Whilst writing the programme notes for the last concert to contain a commission written for OOTS’ 21st Anniversary season – Viola and Double-Bass Take Centre Stage! – I had a brief email conversation with composer Julian Philips: who has produced an immensely beautiful work, Ballades Concertantes, for solo viola, double-bass and chamber orchestra, as a companion piece to Carl Ditters von Dittersdorf’s Sinfonia Concertante for Double-Bass and Viola.
The words which follow are all Julian’s; the musical excerpts are the first lines of each of the four Machaut Ballades that inspired him.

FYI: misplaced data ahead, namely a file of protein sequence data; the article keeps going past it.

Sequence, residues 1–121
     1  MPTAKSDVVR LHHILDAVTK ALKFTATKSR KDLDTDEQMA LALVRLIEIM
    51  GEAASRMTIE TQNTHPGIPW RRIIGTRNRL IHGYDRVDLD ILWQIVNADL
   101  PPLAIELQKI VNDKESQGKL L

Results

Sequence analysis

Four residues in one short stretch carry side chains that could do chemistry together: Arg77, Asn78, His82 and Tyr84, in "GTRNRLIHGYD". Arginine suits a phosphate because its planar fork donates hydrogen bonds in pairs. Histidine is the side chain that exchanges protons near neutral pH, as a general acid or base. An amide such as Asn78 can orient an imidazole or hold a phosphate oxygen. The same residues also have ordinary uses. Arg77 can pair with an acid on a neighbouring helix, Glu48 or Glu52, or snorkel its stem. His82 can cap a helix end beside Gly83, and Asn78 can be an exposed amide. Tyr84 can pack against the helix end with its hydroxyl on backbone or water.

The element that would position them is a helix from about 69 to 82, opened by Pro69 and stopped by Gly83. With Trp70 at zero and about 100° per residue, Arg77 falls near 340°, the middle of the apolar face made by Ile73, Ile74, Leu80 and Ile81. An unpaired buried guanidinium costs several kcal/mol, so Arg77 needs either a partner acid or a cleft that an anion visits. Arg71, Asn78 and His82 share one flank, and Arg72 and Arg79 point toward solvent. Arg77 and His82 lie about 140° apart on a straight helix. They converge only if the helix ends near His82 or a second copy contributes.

Ballades Concertantes developed out of an engagement with two different historical traditions – the late-fourteenth-century Ballade of Guillaume de Machaut, and the later eighteenth-century sinfonia concertante, as developed by Haydn, Mozart or Dittersdorf. Machaut, because my recent opera The Tale of Januarie – based on Chaucer’s The Merchant’s Tale – had engaged with late medieval music; and the music of Machaut – who was the great figure of his day, and very much known to Chaucer – was still in the air. The sinfonia concertante, because David and the orchestra were keen to celebrate their twenty-first anniversary by reviving a form which gives solo spots to individual orchestral players. In this case, the viola and double-bass.